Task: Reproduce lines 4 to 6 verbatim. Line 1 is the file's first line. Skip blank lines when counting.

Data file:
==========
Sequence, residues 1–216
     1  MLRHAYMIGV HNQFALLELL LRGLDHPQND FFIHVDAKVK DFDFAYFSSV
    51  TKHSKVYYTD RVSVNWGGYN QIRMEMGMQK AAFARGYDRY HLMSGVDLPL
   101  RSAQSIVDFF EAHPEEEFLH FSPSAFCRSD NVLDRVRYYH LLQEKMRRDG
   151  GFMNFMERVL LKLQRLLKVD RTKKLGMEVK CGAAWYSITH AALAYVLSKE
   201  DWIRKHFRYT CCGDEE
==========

   101  RSAQSIVDFF EAHPEEEFLH FSPSAFCRSD NVLDRVRYYH LLQEKMRRDG
   151  GFMNFMERVL LKLQRLLKVD RTKKLGMEVK CGAAWYSITH AALAYVLSKE
   201  DWIRKHFRYT CCGDEE